Monday, April 21, 2008

San Francisco Bartender Guild Booze-Off!

As I mentioned at the end of my last entry, I had spent the day at two cocktail contest events. The first one I attended was the San Francisco Bartender Guild's drink-off, with the winner to head out to Long Beach for the nation Guild competition. I heard of this event because our very own Ed was one of the participants! As it was generously open to the public, I couldn't imagine not going to root Ed on, and help calm his jangly nerves (I was useless in that capacity by the way).

The first thing that kind of surprised me was the rather formal set up of the competition. Each contestant had a limited time to set up all of the items they would be using, as well as a limited time in which they were to mix up four drinks (three for the judges, and one for display/tasting by the onlookers). Each ingredient had to be shown to the technical judge (David "Mr. Mojito" Nepove. Perhaps best known for his reign behind the bar at Enrico's) as they were used, and contestants had to show that they had used all of the contents of their shakers when they had finished pouring their drinks. To a hobo like myself, it seemed a little but over the top, but in this cocktail day and age, I can't really blame them for honoring traditions.

There were 20 people taking part in the event, and I was rather pleased to see a diverse array for cocktails being churned out. Not that I thought I'd be seeing a lot of bartenders grinding out the same derivative sorts of drinks, but with a fairly serious bounty of local fruits hitting the markets, I wondered if most (if not all) folks would be thinking the same thing - The strawberry syndrome if you will. While certainly there were many appearances by ingredients I would have expected, there was plenty of variation to be had. Several folks turned out tasty desert drinks, and one individual took an interesting tact and used vinegar as one of his components.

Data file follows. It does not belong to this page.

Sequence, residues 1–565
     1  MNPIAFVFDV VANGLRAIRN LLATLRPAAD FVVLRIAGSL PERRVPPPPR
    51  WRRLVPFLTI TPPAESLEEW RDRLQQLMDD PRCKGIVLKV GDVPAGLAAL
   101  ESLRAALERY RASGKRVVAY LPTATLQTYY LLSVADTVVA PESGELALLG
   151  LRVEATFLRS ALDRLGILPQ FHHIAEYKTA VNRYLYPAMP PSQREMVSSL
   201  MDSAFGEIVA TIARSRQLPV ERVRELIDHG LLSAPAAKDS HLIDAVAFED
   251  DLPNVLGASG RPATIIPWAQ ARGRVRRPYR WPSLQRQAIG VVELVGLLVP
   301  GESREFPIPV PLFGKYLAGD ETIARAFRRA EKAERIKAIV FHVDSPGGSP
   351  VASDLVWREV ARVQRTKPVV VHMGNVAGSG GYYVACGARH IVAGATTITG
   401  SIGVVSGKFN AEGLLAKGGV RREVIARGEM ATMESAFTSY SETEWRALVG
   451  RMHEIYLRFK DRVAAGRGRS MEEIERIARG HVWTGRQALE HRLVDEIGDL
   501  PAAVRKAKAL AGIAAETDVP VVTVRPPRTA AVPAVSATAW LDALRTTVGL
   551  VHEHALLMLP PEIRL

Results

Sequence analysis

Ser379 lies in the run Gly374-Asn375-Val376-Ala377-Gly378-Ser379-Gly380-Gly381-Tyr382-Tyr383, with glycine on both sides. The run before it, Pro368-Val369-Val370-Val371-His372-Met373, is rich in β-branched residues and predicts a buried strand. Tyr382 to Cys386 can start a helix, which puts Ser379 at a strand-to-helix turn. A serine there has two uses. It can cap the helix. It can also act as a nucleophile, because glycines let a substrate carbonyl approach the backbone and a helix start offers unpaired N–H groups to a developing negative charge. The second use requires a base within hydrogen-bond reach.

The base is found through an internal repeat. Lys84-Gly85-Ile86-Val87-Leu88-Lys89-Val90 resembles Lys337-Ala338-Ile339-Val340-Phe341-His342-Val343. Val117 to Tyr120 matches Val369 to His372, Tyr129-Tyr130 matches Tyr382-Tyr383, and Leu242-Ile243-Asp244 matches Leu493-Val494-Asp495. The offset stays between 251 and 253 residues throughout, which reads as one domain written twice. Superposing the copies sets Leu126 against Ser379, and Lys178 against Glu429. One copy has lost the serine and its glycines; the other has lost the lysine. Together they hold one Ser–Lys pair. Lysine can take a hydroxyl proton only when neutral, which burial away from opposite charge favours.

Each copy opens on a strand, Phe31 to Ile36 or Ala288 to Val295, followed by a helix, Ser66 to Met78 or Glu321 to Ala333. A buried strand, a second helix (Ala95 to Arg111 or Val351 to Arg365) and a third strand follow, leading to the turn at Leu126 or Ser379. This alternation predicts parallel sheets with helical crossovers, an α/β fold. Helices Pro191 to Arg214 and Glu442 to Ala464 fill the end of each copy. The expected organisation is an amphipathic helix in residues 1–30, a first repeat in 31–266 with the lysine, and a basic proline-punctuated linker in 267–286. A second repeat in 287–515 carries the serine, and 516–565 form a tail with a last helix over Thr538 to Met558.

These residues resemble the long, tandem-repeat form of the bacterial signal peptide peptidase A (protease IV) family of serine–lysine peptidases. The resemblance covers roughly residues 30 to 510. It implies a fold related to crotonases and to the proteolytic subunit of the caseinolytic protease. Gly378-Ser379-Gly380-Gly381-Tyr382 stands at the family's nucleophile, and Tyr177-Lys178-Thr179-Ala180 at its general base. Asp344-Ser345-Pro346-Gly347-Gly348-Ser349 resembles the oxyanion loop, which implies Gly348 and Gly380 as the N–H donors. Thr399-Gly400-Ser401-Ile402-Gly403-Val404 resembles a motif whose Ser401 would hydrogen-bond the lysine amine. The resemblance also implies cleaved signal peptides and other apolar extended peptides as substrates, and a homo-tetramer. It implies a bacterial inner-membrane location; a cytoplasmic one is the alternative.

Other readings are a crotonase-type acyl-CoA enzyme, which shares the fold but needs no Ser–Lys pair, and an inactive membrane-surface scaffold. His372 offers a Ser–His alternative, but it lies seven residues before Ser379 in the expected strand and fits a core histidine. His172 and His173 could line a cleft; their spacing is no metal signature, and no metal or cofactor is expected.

One of the things I liked the most about the structure of the competition was that all ingredients used had to be readily available to anybody. Homemade syrups, tinctures, and the like could not be used. Now, I loves me some house made products in my drinks - I think it's one of the better ways to really see the creativity of any given bartender - but it's nice to see a playing field that isn't necessarily altered by one bartender having more knowledge in the creation of additions that another, more neophyte bartender, might not be able to do to compete. It also made those participating either focus more on getting the most out of simplicity, or look to more novel/creative combinations of standard fare.

While I certainly learned a lot from just observing all those folks work their boozy mojo, the thing that most impressed me was seeing what a fantastic array of seriously talented bartenders this town has. And, goddamed it, I have an even larger list of places I need to drop by for a drink now.

If you ever get a chance to go to something like this, I couldn't recommend it enough.

Comments always welcome or feel free to e-mail us at drinkaweek [at] gmail [dot] com.

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